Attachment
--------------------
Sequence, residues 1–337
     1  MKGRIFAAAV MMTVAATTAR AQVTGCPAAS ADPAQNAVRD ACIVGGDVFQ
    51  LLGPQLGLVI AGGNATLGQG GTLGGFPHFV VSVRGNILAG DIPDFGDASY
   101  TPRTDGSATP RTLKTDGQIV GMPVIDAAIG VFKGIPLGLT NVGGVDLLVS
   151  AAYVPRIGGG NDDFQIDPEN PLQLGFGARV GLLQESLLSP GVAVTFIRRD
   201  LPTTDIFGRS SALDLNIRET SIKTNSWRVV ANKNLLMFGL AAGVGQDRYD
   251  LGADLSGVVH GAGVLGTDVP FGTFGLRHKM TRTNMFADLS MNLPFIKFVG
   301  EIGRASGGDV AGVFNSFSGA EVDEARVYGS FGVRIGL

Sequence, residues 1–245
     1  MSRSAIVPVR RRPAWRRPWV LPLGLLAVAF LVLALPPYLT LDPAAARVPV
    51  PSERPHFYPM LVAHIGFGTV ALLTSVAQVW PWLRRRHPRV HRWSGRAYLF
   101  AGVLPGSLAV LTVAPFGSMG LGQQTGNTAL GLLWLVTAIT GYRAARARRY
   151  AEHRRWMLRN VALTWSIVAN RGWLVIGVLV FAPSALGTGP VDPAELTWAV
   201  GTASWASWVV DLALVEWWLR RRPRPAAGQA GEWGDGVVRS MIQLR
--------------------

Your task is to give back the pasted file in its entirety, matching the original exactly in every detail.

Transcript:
Sequence, residues 1–337
     1  MKGRIFAAAV MMTVAATTAR AQVTGCPAAS ADPAQNAVRD ACIVGGDVFQ
    51  LLGPQLGLVI AGGNATLGQG GTLGGFPHFV VSVRGNILAG DIPDFGDASY
   101  TPRTDGSATP RTLKTDGQIV GMPVIDAAIG VFKGIPLGLT NVGGVDLLVS
   151  AAYVPRIGGG NDDFQIDPEN PLQLGFGARV GLLQESLLSP GVAVTFIRRD
   201  LPTTDIFGRS SALDLNIRET SIKTNSWRVV ANKNLLMFGL AAGVGQDRYD
   251  LGADLSGVVH GAGVLGTDVP FGTFGLRHKM TRTNMFADLS MNLPFIKFVG
   301  EIGRASGGDV AGVFNSFSGA EVDEARVYGS FGVRIGL

Sequence, residues 1–245
     1  MSRSAIVPVR RRPAWRRPWV LPLGLLAVAF LVLALPPYLT LDPAAARVPV
    51  PSERPHFYPM LVAHIGFGTV ALLTSVAQVW PWLRRRHPRV HRWSGRAYLF
   101  AGVLPGSLAV LTVAPFGSMG LGQQTGNTAL GLLWLVTAIT GYRAARARRY
   151  AEHRRWMLRN VALTWSIVAN RGWLVIGVLV FAPSALGTGP VDPAELTWAV
   201  GTASWASWVV DLALVEWWLR RRPRPAAGQA GEWGDGVVRS MIQLR